What’s up, Trvl Likers?
Today we are gonna talk about…
Travel and Mexico
There is much more to talk about Mexico but one of the most “sexy” topic is pyramids. Yeah, you “heard” that right… pyramids. And not Egyptian pyramids but pure Mesoamerican culture ones.
Officially, San Juan Teotihuacan is 45 km from Mexico City but the Capital Federal sprawls across such a vast area that the dividing line is a vague one. A four-lane highway runs through some dispersed industrial buildings, offering a glimpse of greenery, before suddenly merging into a country road and the entrance to the UNESCO World Heritage Site of Teotihuacan.
The Pyramid of the Sun and the Pyramid of the Moon at Teotihuacan form an extraordinary pair of ancient monuments.
Foreign elements have encroached far upon ancient Mexico. Standing atop the Pyramid of the Sun and the Moon at the ancient city of Teotihuacan, I can see latticed steel telecommunications towers grouped in the distance like alien life forms against the green mountains to the south.
As I mentioned above, the site now is noted for two extraordinary structures, the Pyramid of the Sun and the Pyramid of the Moon. The former is the world’s third largest pyramid at 75 meters in height, while the Pyramid of the Moon is still impressive at 43 meters tall.
At its heyday, during the 1st millennium AD, Teotihuacan was one of the world’s biggest cities itself, and certainly the largest in the Americas, with a population of perhaps 125,000. When the Aztecs firstly arrived around 1200 AD, it had been abandoned already for a very long time but still they were amazed by its size and scale despite its thick covering of overgrowth. They named the broad road connecting the two pyramids, the “Avenue of the Dead”—the name still given it today.
Still current unanswered questions
The ghosts of the former inhabitants linger over the site, in the form of the unanswered questions that continue to intrigue researchers and visitors. What were the exact reasons of unexpected exodus of the city around 600 AD? What was the purpose of these massive pyramids and the many other large structures that surround them? Their political and religious functions are hinted at by the many precious offerings and human sacrifices but there is no written record to fill in the details.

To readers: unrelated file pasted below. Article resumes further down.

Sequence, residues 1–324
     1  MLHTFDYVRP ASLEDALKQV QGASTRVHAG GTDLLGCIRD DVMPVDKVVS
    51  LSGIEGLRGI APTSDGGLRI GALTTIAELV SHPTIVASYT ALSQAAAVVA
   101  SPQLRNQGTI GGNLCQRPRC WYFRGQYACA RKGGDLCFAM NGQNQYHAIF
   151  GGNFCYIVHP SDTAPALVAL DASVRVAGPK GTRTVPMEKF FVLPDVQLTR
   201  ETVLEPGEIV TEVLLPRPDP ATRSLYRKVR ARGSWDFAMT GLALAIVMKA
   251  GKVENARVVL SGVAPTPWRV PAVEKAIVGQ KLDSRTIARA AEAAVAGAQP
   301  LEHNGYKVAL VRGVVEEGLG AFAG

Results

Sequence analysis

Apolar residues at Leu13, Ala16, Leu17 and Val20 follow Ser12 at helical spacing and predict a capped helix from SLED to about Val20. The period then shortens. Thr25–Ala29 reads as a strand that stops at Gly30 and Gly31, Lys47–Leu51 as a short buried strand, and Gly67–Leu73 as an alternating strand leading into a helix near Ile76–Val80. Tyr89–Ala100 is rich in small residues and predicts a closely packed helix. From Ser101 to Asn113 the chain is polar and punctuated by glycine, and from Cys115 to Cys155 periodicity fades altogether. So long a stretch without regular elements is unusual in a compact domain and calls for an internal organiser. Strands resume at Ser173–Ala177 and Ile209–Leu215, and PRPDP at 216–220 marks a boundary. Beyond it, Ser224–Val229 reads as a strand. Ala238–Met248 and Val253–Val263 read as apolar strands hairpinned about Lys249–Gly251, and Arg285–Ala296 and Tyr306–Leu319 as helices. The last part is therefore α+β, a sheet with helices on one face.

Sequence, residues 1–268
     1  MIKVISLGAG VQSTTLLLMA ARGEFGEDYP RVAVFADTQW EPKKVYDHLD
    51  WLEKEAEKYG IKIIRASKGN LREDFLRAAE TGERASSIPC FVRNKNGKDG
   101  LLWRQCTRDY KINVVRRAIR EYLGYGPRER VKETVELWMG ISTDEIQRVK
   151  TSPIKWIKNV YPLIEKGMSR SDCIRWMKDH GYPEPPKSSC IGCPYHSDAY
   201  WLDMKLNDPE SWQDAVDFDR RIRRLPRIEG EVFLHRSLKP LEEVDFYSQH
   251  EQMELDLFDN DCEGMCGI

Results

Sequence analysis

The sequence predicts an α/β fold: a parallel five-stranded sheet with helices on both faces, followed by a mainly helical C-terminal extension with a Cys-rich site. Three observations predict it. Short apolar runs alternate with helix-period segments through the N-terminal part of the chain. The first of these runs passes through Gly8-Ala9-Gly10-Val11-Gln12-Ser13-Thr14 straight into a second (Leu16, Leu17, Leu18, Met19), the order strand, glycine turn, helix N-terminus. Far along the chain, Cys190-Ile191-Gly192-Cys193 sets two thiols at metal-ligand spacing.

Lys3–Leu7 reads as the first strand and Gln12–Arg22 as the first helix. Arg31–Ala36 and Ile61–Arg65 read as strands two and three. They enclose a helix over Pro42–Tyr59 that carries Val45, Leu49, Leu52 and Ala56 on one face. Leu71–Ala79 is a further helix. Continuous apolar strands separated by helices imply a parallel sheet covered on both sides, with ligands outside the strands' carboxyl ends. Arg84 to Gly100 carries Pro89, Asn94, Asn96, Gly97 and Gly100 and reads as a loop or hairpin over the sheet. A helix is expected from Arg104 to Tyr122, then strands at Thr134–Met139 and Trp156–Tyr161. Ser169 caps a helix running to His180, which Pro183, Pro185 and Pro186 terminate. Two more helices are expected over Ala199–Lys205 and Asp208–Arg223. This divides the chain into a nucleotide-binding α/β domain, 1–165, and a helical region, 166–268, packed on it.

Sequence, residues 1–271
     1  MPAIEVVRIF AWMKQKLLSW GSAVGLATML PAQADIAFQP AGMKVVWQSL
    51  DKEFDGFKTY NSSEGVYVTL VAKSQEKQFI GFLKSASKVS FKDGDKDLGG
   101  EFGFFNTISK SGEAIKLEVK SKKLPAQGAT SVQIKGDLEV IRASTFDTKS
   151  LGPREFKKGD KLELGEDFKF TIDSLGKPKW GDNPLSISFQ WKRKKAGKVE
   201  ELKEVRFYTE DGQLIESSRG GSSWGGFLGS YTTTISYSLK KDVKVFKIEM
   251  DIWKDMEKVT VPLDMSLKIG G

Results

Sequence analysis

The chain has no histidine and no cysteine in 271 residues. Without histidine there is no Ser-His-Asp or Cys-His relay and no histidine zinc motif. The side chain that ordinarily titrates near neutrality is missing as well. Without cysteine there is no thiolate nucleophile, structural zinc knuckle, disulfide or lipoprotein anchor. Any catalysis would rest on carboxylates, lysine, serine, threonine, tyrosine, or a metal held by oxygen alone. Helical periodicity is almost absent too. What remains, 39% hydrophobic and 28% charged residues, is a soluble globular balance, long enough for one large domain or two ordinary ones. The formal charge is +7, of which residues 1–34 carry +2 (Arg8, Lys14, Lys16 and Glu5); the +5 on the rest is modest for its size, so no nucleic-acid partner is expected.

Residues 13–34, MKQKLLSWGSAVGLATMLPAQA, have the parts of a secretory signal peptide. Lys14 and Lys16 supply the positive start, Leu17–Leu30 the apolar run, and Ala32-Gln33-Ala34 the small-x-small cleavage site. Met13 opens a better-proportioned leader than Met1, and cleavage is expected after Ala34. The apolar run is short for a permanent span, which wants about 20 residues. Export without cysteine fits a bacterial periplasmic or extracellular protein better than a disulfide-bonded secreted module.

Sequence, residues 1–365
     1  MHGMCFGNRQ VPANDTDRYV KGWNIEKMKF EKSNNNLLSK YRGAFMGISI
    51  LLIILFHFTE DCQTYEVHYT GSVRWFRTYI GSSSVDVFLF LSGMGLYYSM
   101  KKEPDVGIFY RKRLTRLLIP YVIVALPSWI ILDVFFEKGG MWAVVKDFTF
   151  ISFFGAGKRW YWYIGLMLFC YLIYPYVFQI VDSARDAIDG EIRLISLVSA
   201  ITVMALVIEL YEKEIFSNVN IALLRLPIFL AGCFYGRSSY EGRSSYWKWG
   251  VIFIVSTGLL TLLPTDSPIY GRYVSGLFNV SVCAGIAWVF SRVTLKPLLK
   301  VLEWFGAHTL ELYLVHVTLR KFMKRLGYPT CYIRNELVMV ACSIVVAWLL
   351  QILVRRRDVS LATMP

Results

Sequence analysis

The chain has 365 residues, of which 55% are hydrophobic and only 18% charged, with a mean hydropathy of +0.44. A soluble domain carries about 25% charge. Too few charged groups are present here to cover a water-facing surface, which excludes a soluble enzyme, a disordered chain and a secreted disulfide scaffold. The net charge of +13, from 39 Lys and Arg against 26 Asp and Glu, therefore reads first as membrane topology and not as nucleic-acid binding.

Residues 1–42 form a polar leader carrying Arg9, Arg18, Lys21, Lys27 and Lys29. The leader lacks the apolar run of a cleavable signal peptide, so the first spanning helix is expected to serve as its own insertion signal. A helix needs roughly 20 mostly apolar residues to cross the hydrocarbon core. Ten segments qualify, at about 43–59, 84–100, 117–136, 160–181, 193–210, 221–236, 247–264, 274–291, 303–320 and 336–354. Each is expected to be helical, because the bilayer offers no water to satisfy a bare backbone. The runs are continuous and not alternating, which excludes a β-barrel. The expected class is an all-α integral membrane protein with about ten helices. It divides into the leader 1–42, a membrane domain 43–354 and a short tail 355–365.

Today, the site is besieged by tour coaches and over-run by visitors but it remains so vast that I can still find moments when I am alone amid these tributes to a city’s ancient gods and rulers. But it is the sudden detail of an intricate carving or carefully laid stone course that brings these people of the past most vividly to life.
It is impossible not to feel something extraordinary atop the Pyramids of the Sun and of the Moon.
Panting and gasping, some visitors climb the steep pyramid and, upon reaching the top and regaining their wind, look around briefly and then descend gingerly, clutching the rubber-coated guide-cables for balance. Everybody is anxious to leave the horizon glide up the sky and return to its proper place as they go towards the earth, facing away from their view the grandeur of the planet they momentarily surveyed like gods. It seems like there is no time to understand a fundamental truth of celestial places.
The moment of reaching the peak is not the crucial moment. The crucial moment comes perhaps five or ten or 20 minutes later, when the surrounding landscape in all its astonishing detail is no longer wondrous, no longer breath-taking, when it simply is. In this moment, having seen the miracle of the world in a fresh light, I now simply exist, inhabiting the space of that vision, as its rich and strange perspective assumes an aspect of normalcy. I find myself surrounded by this rocky height, resting my dusty boots on the throne and grave of an extinct religion, of a vanished people whose bloodlines are diffused in Mexico’s mestizo dream. It is natural to be here, writing in my notebook. Nothing could be simpler. The crucial moment occurs when the terrestrial and the miraculous are one.
When walking back the way that leads to the Pyramid of the Sun, I ran into a middle-aged British couple who were also returning. “How was it?” I ask. The woman turns to me and gives me a look and a word. “Excellent!” she says. That was the moment of a lifetime when anything anyone could say would fall short, and in these cases “excellent” was as good as it gets.